In Congressional Hearing, Democrats And Tribes Remain Opposed To BLM Move
The House Committee on Natural Resources held a hearing today on the Bureau of Land Management's plans to move headquarters out west. Congressional Democrats are among those skeptical that the move is the right choice. That includes Arizona Rep. Raul Grijalva.
"We are here to discuss what is being called a reorganization of the Bureau of Land Management," he said. "In reality, given the lack of transparency, analysis and consultation, this appears to be nothing more than a poorly veiled attempt to dismantle a federal agency."
But the Trump administration says the idea is to cut costs and get top decision makers closer to the action. BLM acting director William Perry Pendley gave testimony at the hearing.
"This makes sense," he said. "It makes sense for the American people. It makes sense for the Bureau of Land Management and its employees. We know at the end of the day, you hold the purse strings."
Tony Small, vice chairman of the Ute Indian Tribe Business Committee, opposed the move during his testimony. He said the Department of Interior has failed to consult tribes on the reorganization.
"Moving BLM will reduce coordination, drain expertise, eliminate accountability," he said. "Rather than drain the swamp, BLM will become a tool of special interests, and will lose focus on its national missions, including trust and responsibility to tribes."
Dr. John Freemuth, a professor of public policy at Boise State University and an expert on public lands, also gave testimony at the hearing. He said there's no such thing as a neutral reorganization-meaning advantages will be given only to some. And that wasn't his only concern.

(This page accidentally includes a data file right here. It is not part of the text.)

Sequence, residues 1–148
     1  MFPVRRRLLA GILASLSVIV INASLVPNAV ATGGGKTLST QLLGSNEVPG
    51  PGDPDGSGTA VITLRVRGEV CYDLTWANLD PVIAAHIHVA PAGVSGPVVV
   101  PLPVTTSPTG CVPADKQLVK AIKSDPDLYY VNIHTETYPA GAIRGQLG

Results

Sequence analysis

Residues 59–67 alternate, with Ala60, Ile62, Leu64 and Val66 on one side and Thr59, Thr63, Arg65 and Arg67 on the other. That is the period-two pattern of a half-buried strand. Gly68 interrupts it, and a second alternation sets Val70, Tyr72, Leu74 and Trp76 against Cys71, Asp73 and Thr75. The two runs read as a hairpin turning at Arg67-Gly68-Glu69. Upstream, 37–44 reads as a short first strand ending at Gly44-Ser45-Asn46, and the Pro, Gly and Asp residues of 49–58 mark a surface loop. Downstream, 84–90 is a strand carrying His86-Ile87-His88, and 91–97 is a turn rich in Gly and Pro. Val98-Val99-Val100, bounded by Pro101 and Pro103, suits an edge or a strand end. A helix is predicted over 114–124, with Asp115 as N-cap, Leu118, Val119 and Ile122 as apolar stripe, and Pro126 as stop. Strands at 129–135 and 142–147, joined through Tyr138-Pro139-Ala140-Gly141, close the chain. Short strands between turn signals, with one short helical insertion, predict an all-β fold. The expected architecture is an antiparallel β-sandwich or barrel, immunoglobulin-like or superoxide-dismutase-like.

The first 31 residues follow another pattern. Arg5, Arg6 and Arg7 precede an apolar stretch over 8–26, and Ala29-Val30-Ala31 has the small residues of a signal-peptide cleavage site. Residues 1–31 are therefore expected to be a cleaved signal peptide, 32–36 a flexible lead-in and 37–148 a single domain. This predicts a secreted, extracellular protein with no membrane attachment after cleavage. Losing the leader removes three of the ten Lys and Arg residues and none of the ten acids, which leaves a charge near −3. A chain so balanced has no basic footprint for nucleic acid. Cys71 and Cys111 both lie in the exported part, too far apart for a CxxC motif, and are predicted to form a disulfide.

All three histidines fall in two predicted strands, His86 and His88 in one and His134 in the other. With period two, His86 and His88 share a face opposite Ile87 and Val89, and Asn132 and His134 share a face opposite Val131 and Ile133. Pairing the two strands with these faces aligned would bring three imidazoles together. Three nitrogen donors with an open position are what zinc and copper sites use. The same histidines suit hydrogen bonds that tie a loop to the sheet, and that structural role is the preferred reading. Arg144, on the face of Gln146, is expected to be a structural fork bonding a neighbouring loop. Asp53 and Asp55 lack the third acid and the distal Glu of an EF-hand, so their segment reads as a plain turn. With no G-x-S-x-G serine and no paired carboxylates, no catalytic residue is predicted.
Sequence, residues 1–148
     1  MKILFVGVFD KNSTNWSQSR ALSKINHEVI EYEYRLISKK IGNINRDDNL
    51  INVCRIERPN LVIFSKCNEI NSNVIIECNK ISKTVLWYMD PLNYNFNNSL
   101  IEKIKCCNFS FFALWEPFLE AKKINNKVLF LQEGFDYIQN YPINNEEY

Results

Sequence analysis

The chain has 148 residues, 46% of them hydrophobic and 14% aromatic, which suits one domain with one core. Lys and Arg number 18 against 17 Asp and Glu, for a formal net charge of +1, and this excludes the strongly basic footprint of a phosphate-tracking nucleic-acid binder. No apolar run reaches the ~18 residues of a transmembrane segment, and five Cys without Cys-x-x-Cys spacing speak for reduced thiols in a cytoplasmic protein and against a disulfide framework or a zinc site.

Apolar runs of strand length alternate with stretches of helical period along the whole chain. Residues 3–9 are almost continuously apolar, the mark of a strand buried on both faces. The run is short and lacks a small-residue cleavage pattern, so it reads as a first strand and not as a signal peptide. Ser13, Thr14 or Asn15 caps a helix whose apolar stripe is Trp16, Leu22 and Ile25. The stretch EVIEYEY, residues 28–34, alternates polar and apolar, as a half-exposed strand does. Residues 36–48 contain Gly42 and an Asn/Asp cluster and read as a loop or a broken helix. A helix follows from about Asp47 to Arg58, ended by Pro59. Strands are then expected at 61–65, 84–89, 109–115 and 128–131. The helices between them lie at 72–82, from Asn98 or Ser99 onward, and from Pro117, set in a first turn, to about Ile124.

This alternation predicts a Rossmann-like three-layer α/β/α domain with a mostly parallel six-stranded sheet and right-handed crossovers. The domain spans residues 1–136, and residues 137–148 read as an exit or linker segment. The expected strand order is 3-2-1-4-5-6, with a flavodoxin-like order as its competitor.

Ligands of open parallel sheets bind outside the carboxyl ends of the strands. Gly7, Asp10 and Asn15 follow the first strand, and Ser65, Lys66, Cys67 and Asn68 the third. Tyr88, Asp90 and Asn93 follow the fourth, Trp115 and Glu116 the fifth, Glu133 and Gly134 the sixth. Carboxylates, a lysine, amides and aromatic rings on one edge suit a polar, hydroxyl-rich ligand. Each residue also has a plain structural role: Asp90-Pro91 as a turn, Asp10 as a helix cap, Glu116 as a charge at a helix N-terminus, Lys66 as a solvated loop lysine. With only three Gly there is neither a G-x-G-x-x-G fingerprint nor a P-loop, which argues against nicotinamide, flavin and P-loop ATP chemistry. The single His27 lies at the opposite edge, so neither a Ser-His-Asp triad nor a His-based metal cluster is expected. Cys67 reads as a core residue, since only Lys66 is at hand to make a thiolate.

"What is necessarily going to stop another administration from deciding that people belong back in Washington? And the point here is, that will whipsaw people back and forth," Freemuth said.
Some critics are concerned that many current employees will resign from the BLM rather than make the move, leaving positions unfilled. "I would argue that if you have a BLM employee who doesn't want to live near BLM land, that's probably a sign that you should reorganize," said Robin Brown, director of the Grand Junction Economic Partnership.
Meanwhile, committee Republicans voiced support for the plan.
Most of the BLM's 10,000 employees are already in field offices across the West. But with headquarters set to move to Grand Junction, Colorado, more than 200 positions could leave Washington for various western states. That includes 85 positions slated to come to Colorado and 32 to Nevada.
This story was produced by the Mountain West News Bureau, a collaboration between Wyoming Public Radio, Boise State Public Radio in Idaho, KUER in Salt Lake City, KUNR in Nevada, and KRCC and KUNC in Colorado.
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